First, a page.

The U.S. stock market has managed to stay on track with its outstanding bull run with less than 2 weeks left until the end of the year. It’s true that we’ve seen some short-term spikes of volatility in the markets mainly driven by the uncertainty around the new COIVD variant (Omicron) and the highest inflation CPI readings since the 80’s that we recently got, but we haven’t seen any major price breakdowns on the leading benchmark indices in the US

It seems that the global supply-chain issues are here to stay for longer than most market participants expected, which is undoubtedly a worrying sign for the Federal Reserve as it might produce more supply driven inflation in the coming months The severe supply and demand imbalances that we are seeing in the global economy are a direct product of these supply-chain issues and the weaker labor market in the US

However, what many investors fail to price in accurately is the presence of strong deflationary forces mainly driven by demographics and technology, which are only expected to strengthen their impact on the US economy in the coming years with a record number of people leaving the workforce (retirees) in 2022. Furthermore, we believe that these forces in particular will have a much larger impact and long-lasting effect on the growth trajectory of the US economy than the current supply driven inflation shock that we are seeing at the moment

Why do you think US 10-year and 30-year Treasury yields have performed the way they have so far this year? If bond investors truly believed that inflation will be a major issue for the US economy in the coming years, then they would be exiting their bond holdings at scale, as inflation is a bond’s worst enemy. From a market mechanics perspective, this should bring down bond prices and cause bond yields to spike. We haven’t seen anything even remotely similar to that this year. In contrast, both the US 10-year and the US 30-year yields topped out in late March this year and since then have been trading generally sideways, but with a rather bearish bias. What does that tell you?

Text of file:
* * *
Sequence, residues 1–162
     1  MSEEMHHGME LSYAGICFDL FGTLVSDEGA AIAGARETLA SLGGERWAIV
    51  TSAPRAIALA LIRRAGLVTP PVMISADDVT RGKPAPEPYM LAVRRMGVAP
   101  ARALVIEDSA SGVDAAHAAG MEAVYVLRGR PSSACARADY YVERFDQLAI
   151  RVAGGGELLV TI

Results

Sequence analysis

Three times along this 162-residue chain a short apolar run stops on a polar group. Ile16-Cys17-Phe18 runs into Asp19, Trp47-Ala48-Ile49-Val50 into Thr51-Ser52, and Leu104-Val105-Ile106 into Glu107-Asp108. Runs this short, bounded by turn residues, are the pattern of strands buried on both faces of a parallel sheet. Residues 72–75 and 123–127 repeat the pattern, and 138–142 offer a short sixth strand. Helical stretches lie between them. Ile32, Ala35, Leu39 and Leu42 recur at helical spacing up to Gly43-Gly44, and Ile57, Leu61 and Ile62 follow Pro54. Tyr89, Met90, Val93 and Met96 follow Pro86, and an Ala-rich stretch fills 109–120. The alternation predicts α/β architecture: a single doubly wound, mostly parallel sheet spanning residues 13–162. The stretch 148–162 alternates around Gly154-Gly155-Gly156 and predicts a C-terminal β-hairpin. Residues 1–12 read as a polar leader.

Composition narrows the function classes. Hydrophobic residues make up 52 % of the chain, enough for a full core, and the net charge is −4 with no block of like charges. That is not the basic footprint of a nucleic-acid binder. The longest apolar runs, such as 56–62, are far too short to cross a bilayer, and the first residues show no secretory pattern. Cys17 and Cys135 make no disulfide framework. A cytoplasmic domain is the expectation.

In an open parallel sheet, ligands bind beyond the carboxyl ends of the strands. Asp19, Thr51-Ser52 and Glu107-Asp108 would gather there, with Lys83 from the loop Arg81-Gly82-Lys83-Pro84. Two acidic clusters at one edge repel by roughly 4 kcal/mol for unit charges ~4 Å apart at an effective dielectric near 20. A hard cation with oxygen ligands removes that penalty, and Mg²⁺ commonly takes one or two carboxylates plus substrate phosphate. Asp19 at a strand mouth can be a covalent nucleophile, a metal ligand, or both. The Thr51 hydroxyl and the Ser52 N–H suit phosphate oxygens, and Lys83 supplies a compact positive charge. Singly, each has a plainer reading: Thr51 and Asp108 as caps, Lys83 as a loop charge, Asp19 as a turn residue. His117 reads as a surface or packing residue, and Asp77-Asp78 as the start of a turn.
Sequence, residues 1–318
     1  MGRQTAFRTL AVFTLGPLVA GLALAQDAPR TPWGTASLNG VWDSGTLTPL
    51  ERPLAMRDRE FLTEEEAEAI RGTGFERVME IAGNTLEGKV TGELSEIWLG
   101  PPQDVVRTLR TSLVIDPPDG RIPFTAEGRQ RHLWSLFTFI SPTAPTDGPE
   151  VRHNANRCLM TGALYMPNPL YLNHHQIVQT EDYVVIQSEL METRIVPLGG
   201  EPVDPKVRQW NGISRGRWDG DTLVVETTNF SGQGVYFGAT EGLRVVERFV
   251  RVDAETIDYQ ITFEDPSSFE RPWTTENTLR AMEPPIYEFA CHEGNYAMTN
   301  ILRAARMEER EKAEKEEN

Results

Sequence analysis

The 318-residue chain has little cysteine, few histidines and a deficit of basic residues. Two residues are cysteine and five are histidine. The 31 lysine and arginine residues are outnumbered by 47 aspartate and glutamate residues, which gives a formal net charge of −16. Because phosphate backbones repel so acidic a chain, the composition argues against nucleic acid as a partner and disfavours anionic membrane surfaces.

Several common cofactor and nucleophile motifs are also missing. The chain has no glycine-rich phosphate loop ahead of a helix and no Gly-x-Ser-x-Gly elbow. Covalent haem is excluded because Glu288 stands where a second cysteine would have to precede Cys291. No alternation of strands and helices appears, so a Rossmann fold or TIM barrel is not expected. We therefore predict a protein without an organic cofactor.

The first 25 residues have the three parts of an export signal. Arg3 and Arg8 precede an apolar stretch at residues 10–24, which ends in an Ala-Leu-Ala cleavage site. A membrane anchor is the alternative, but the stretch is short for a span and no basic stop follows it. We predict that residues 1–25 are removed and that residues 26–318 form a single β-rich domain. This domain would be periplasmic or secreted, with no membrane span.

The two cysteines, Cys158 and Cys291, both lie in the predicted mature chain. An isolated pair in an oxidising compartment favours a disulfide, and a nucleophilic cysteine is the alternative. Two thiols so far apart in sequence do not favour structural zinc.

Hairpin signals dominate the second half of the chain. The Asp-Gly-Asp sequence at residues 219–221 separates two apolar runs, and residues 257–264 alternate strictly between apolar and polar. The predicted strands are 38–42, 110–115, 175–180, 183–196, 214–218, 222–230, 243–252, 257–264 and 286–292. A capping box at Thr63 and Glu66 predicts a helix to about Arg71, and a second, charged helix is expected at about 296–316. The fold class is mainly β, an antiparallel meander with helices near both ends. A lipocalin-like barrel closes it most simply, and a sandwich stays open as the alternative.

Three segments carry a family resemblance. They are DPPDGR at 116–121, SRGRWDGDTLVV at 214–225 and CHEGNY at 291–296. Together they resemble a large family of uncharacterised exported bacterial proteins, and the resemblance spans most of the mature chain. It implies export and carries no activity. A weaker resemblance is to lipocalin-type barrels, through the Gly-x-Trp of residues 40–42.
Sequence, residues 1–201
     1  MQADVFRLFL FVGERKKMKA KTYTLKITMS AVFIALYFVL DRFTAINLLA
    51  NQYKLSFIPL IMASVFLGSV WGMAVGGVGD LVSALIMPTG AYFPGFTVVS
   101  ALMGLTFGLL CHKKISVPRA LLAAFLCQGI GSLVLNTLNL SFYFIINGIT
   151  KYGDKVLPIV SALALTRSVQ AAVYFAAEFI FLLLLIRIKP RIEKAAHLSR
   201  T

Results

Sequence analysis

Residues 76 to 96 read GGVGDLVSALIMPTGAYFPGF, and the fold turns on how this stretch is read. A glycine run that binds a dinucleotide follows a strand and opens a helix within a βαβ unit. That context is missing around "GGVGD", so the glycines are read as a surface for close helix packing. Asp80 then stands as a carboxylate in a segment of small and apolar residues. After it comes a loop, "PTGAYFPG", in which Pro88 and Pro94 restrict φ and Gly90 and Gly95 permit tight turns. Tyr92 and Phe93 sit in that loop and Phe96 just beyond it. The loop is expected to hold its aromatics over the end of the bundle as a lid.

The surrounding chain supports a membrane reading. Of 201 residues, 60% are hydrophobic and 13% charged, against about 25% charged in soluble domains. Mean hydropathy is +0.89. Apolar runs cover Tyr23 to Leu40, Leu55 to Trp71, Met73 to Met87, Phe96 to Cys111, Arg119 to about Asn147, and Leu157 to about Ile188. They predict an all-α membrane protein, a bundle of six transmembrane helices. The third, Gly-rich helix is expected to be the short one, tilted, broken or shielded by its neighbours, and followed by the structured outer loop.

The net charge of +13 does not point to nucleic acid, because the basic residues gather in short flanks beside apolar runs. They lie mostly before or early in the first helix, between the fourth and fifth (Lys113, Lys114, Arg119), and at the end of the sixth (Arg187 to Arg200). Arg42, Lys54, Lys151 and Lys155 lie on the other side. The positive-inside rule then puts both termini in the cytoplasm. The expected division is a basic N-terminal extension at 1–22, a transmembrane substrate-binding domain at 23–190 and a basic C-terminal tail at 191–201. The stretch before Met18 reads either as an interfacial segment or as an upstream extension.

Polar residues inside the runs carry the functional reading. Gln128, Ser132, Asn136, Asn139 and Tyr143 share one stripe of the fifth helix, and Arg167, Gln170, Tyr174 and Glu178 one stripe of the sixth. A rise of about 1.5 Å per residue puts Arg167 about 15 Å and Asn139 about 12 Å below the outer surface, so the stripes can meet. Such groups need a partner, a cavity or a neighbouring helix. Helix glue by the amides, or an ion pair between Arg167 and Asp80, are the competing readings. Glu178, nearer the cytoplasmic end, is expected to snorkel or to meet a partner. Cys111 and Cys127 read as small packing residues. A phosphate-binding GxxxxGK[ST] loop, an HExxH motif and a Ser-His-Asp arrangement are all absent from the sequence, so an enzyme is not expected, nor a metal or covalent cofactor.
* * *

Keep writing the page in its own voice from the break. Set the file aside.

We will be publishing our year-end macro economic analysis in the coming weeks where we will be going over these concepts and much more, so stay tuned!

None of the recent market risks was able to substantially bring down the US equity markets. In addition to that, it seems that since Jerome Powell officially “dropped” the word “transitory” from the Fed’s rhetoric in their last meeting, the market has already priced in the potential for a hawkish stance in their ongoing meeting. We believe that the Federal Reserve will continue to be extremely cautious with their tightening actions as they are very well aware of the risks and repercussions that a faster tightening policy could have on the markets

Thus, we are still expecting to see a strong year-end rally for all risk-assets once the uncertainty around the ongoing Fed meeting goes away

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